Bench Press Grip Width: Wide vs Close-Grip

Key Points:

What are the main differences between the close-grip bench press and the regular (or wide grip) bench press? And which grip width should you use in your training?

In general, there is a small strength difference between these two lifts, and they also work your muscles slightly differently.

Close-Grip Bench Press vs. Bench Press Strength Ratio

On average, trained individuals seem to be about 5–6% stronger in the wide grip bench press compared to the close-grip bench press, measured in a 1RM lift.1 2

This means that most people are capable of producing higher force throughout the wide-grip bench press. The close-grip bench press, however, is generally performed faster and has a higher peak power.

Differences in Muscles Worked Between the Close-Grip vs. Wide Grip Bench Press

The close-grip bench press and the traditional style both work your chest, front delts, and triceps, but to a slightly different degree:

  • In a wide-grip bench press, your chest and shoulders contribute 78% of the force necessary to lift the bar, while your triceps contribute 22%.
  • In the close-grip bench press, the same numbers are 63% vs. 37%.
Wide grip bench press 1rm triceps vs chest and shoulder contribution
Close grip bench press 1rm triceps vs chest and shoulder contribution

Which Bench Press Grip Width Should You Use?

If your goal is to lift as much weight as possible (for example, if you’re competing in powerlifting), you should try out various grip widths and techniques to see which one you’re the strongest in. The odds are that you will be 5–6% stronger with a wide grip than a close grip.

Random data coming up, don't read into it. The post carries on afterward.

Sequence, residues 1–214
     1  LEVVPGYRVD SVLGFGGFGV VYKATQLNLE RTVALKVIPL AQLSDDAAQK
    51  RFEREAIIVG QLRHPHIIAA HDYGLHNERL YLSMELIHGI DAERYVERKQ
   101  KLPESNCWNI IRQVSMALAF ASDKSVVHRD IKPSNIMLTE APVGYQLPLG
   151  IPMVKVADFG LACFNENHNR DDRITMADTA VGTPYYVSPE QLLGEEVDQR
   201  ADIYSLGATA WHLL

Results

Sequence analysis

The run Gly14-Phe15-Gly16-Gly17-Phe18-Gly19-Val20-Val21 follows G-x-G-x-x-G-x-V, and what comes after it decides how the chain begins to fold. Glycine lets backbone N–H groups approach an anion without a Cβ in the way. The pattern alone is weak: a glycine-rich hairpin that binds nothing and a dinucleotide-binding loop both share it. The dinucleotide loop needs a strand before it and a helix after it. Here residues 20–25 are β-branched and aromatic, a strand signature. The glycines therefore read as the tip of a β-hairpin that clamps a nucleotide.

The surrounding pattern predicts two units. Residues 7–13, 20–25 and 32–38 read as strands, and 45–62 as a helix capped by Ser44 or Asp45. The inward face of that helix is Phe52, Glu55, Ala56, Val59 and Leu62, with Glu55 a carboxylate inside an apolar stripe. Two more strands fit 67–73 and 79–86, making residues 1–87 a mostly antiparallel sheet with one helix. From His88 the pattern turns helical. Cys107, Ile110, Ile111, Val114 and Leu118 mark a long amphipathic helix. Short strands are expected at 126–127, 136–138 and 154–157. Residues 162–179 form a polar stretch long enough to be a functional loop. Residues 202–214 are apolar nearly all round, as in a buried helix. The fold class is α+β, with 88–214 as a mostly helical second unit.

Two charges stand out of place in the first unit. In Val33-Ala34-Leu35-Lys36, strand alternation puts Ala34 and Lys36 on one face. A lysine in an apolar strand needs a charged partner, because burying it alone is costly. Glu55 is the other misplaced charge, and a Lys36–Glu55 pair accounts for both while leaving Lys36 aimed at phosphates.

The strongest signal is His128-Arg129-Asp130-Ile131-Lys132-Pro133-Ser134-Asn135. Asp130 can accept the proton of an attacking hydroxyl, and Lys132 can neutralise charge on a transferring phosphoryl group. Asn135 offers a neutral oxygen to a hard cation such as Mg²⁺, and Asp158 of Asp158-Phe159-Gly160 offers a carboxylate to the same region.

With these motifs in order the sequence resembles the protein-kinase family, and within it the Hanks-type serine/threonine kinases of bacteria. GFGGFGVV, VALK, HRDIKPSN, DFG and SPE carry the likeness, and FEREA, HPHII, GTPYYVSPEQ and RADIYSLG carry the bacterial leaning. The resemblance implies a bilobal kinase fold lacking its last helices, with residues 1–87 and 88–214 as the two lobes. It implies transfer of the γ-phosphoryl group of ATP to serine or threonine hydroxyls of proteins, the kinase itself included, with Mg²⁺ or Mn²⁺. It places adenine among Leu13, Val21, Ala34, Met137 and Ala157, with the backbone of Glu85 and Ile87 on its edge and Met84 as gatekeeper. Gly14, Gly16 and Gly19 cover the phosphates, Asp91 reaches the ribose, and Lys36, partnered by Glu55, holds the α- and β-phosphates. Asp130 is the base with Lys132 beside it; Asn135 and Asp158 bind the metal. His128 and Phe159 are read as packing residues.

If you want to build your chest and front delts, both bench press styles are good alternatives, but using a medium or wide grip might be slightly superior. For the best triceps development, a close grip is preferable, along with direct triceps work.

Further reading:

Muscle group guides:


  1. Front Sports Act Living. 2020; 2: 637066. A Biomechanical Analysis of Wide, Medium, and Narrow Grip Width Effects on Kinematics, Horizontal Kinetics, and Muscle Activity on the Sticking Region in Recreationally Trained Males During 1-RM Bench Pressing
  2. Sports (Basel). 2017 Jun 24;5(3):46. An Investigation of the Mechanics and Sticking Region of a One-Repetition Maximum Close-Grip Bench Press versus the Traditional Bench Press.
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Daniel Richter

Daniel has a decade of experience in powerlifting, is a certified personal trainer, and has a Master of Science degree in engineering. Besides competing in powerlifting himself, he coaches both beginners and lifters at the international level. Daniel lives in Lund, Sweden with his wife and three kids. On StrengthLog, Daniel geeks out about all things related to his lifelong passion of muscle and strength.